Choi’s Space Dandy episode is one of her greatest achievements as a director to date. Prior to Space Dandy, Choi had always directed episodes that were a part of an overarching narrative. However, with episode 9 of Space Dandy, Choi was granted complete creative control over the episode’s production (script, storyboard, art design, and direction). Given the episodic structure of Space Dandy, Choi’s contribution represents her artistic vision in its purest form – not as a byproduct of Yuasa, but as a product of her own whims.


Choi’s Space Dandy episode details the title character’s adventure on a psychedelic planet inhabited only by talking plants and their botanical buddies. The episode is heavily atmospheric with long scenic takes that showcase the peculiar, alien structures and otherworldly designs of the sentient fauna. Choi’s episode doesn’t try to satisfy a narrative obligation, but rather envelops the viewer into her colorful and whimsical world – a natural fit for a spirited animator’s anthology like Space Dandy.  




Following Space Dandy, Choi would return to collaborate with Yuasa on his adaptation of Taiyo Matsumoto’s Ping Pong. Choi’s contributions to Ping Pong the Animation show a maturation of both her technical and directional aptitudes. Choi single-handedly animated Ping Pong the Animation’s breathtaking and life-affirming rotoscope ending sequence and also directed the anime’s climactic 10th episode.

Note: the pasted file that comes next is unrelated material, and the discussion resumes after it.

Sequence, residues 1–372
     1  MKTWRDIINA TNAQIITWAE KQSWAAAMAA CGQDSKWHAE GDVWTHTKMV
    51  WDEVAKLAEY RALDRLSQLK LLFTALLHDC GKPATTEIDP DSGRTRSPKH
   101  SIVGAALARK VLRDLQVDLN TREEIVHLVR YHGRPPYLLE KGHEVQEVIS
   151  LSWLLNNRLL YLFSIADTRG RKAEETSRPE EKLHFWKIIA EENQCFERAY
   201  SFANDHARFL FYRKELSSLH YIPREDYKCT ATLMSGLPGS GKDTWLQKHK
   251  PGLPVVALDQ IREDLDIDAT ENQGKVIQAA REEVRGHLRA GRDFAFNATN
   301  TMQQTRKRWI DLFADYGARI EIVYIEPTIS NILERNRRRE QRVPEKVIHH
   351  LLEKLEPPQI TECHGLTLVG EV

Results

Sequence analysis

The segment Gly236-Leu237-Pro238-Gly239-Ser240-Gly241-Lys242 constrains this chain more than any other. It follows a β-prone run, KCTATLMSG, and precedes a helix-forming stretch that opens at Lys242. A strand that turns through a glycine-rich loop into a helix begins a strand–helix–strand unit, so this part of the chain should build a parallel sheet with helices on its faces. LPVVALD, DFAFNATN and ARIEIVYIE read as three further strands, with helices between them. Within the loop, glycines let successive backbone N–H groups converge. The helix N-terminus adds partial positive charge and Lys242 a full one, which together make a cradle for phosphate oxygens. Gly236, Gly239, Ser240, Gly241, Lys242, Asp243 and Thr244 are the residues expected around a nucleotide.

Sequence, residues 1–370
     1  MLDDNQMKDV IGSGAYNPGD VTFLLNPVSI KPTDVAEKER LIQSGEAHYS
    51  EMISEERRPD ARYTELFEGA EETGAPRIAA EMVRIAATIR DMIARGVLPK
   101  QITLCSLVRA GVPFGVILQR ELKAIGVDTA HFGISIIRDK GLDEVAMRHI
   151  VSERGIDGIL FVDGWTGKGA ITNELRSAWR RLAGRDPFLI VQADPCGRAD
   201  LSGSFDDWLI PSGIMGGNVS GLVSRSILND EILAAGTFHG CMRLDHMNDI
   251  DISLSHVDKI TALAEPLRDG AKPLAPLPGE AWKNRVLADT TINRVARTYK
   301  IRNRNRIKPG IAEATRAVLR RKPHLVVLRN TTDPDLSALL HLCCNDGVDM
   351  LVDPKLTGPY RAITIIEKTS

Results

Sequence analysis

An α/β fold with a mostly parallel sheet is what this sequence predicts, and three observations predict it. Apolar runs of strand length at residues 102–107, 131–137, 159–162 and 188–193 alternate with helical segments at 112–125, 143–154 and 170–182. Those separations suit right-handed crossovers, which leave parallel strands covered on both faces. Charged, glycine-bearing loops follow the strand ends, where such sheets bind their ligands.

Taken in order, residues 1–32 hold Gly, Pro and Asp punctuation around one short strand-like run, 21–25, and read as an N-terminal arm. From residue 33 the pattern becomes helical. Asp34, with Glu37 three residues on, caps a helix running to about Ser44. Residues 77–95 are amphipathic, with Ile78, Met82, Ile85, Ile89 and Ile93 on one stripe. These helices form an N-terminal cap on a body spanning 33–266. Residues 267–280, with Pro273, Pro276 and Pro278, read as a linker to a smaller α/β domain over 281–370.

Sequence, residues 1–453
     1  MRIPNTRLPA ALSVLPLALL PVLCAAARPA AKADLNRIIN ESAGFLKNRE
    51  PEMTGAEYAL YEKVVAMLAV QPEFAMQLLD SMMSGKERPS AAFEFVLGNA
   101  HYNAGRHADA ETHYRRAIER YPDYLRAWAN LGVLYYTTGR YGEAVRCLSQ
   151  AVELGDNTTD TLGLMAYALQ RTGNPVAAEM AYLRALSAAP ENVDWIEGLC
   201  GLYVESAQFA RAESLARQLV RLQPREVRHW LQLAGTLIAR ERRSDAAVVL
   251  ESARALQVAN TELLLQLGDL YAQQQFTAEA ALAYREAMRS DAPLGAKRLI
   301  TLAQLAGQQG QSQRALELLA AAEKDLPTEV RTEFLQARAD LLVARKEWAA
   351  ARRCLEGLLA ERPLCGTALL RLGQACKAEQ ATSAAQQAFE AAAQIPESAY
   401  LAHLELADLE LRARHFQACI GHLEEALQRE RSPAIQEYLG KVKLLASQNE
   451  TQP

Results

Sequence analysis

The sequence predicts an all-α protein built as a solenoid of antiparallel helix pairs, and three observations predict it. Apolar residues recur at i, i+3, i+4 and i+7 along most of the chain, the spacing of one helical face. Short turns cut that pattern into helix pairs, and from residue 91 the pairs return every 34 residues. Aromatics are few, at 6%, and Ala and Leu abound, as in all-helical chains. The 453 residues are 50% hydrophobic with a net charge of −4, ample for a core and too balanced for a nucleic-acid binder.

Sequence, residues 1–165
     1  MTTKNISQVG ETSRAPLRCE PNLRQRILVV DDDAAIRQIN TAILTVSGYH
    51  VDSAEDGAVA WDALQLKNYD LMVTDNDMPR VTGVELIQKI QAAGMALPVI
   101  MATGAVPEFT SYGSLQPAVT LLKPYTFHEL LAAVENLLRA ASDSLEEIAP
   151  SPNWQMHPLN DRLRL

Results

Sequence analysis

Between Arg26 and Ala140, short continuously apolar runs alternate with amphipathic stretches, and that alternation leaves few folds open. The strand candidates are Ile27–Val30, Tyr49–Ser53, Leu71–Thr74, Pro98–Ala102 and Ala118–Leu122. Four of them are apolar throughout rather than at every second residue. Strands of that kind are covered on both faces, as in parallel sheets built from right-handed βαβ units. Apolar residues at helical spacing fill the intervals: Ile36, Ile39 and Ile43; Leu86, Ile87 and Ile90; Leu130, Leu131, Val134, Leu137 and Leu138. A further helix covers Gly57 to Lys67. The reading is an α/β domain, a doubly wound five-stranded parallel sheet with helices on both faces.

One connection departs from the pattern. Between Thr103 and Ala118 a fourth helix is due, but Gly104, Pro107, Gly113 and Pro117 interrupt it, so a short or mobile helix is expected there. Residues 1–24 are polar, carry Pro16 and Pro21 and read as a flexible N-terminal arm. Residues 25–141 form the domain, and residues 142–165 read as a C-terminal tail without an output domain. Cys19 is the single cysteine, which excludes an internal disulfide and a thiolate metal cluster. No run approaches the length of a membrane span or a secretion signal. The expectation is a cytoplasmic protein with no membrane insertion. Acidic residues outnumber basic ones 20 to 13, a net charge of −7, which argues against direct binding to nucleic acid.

Episode 10 of Ping Pong the Animation details the final tournament match between Peco and Kazama. It’s a crucial moment for both characters, and likewise one of the most memorable scenes in the entire anime – thanks to Choi’s artistic flourishes. In what may seem uncharacteristic of Choi, her episode of Ping Pong the Animation is neither flashy nor colorful – in fact, most of Choi’s episode is deliberately devoid of color.


As the match between the two athletes ramps up in intensity, Peco lets loose and sets his sights on having fun, rather than winning. Gradually, Peco and Kazama’s surroundings all fade to white until all that’s left in our field of vision are the two athletes rallying back and forth. Choi’s approach is minimalist, but make no mistake, it’s one of the most effective thematic summations of not just Peco and Kazama’s arcs, but Ping Pong the Animation as a whole.




While Eunyoung Choi is yet to receive her own anime to direct, her past work as an episode director and animator should not be understated. Choi is, simply put, one of anime’s rising talents. With Choi and Yuasa forming their own animation studio, Science Saru, who knows what other projects the pair will take on in the future. 


Brandon is a Brand Features Writer for Crunchyroll and also writes anime-related editorials on his blog, Moe-Alternative. Hit him up for a chat on his Twitter at @Don_Don_Kun!

Other Top News

Sort by: